There were 327 Georgia schools honored under Georgia’s Single Statewide Accountability System (SSAS), which awards schools based on their performance on state curriculum exams and Adequate Yearly Progress status. And APS’ SRT-4 schools were among them. The recognized schools will receive a congratulatory letter and a banner announcing the accomplishment.
The schools are awarded on four levels — Platinum, Gold, Silver and Bronze in two categories:
Greatest gains: Schools that showed the greatest improvement in scores on the Criterion-Referenced Competency Tests (CRCT) or the Georgia High School Graduation Tests (GHSGT).
Highest Performance: Schools that demonstrate the highest achievement on the CRCT or GHST.
SRT-4 is proud to announce the following schools:
Greatest Gains for Students Meeting and Exceeding Standards
Platinum — Blalock Elementary
Platinum — Sutton Middle
More than 300 parents, community members and APS employees packed the gymnasium of Inman Middle School on Monday to hear Superintendent Dr. Beverly L. Hall’s report on SRT-3 schools. Atlanta Board of Education members Emmett D. Johnson, Cecily Harsch-Kinnane (vice chair), Brenda Muhammad and Mark Riley were present.
The superintendent talked about the district’s work to position students on their journey to college, and she answered questions on topics ranging from testing to school closures. In addition, Dr. Hall shared SRT-3’s academic highlights, some of which are listed below:
Fifty-eight Atlanta Public Schools were named 2009 Georgia Title I Distinguished Schools by Georgia State Superintendent Kathy Cox during the State Board of Education Meeting on Wednesday.
Title I Distinguished Schools recognized for achieving adequate yearly progress (AYP) for three consecutive years are awarded a certificate, while those making AYP four or more years receive a monetary award, paid for out of federal funds. AYP is an academic achievement measure that includes all categories of students, including those with disabilities and those coming from low-income families.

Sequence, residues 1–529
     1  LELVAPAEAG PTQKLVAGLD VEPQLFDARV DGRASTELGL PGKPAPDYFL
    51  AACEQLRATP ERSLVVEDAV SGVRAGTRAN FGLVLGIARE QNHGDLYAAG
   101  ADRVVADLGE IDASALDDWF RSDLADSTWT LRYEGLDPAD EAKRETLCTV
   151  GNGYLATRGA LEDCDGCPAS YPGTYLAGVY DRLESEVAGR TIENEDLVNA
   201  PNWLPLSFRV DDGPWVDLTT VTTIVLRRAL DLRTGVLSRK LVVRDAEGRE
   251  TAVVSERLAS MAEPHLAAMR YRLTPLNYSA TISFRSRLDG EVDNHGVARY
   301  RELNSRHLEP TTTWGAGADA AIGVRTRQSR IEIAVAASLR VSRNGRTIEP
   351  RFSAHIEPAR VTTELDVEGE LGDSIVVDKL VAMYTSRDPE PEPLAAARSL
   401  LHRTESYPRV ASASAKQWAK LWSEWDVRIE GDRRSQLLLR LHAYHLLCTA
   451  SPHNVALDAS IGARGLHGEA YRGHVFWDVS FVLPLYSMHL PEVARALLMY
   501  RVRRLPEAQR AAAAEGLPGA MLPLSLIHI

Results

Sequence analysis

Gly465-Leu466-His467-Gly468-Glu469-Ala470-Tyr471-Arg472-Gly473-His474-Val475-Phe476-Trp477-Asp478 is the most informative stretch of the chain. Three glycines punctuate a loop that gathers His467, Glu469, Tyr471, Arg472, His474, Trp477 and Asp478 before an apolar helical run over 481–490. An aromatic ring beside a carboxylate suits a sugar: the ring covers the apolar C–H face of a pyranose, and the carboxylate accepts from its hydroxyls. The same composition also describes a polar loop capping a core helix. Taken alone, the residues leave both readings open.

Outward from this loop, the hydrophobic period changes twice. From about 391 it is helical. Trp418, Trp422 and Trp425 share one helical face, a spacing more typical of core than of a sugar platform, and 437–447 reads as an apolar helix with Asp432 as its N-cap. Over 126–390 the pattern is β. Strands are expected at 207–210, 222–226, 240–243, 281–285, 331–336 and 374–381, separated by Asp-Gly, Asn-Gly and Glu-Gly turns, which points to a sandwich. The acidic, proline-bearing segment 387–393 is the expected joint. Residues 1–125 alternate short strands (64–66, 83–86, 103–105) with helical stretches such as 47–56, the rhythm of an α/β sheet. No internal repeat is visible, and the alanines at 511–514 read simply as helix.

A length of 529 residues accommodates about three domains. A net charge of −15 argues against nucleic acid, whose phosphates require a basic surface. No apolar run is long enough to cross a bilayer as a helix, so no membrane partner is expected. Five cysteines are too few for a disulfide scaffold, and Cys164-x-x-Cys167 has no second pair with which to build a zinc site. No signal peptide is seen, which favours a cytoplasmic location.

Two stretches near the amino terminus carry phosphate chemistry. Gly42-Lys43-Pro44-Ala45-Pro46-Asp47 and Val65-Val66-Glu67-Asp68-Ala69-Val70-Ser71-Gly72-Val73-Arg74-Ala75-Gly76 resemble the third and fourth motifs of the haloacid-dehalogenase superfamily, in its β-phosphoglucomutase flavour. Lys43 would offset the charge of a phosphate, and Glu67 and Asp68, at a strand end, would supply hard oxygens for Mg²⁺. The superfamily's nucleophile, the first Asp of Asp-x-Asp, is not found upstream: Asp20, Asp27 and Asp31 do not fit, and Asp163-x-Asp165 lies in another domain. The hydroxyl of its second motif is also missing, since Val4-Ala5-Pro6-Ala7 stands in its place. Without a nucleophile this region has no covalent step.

The APS Title I Distinguished Schools that received monetary awards for four or more consecutive years are:
This may have been the first time for Luz Borrero (above) — deputy COO, City of Atlanta — as Turner Middle School’s Principal for a Day, but she had plenty of experienced visitors along with her during her visit to the school on Tuesday. That’s because she was welcomed not only by Principal Karen Riggins-Taylor but also members of the Turner Alumni Association. Now, we’re not necessarily talking about Turner Middle graduates, but graduates from when Turner was a high school back in the day.
So there was Turner Alumni Association President Dorothy Thomas-Swann and several other alumni joining in on the walk through the hallways and in the classrooms to see the progress being made at Turner. They came away impressed, as Principal Riggins-Taylor pointed out how Turner is on its way to making Adequate Yearly Progress (AYP) for the second consecutive year after failing the previous six years.
Two Atlanta Public Schools elementary schools were recognized by the state today for achieving Adequate Yearly Progress (AYP) in their students’ performance on Georgia standardized tests for eleven consecutive years. The schools are D.H. Stanton and Fain elementary schools.
Eighty percent of Atlanta Public Schools made AYP last year, which is on par with the state of Georgia. Sixty-five Atlanta Public Schools have consistently made AYP for three or more years.
AYP is essentially a set of criteria used to determine if individual schools are meeting established student performance standards under the federal No Child Left Behind Act. It requires that all categories of students in a particular school meet minimum academic performance standards, attendance requirements and participation levels in order for the school to be designated as achieving AYP status.
“The fact that so many of our schools are consistently achieving Adequate Yearly Progress over a number of years is a clear indication of the success of our urban school reform efforts,” said Dr. Beverly L. Hall, Superintendent, Atlanta Public Schools. “This level of sustained academic performance by our students is proof positive that Atlanta Public Schools’ students are competitive with their counterparts from around the state and the nation in the area of academic achievement.”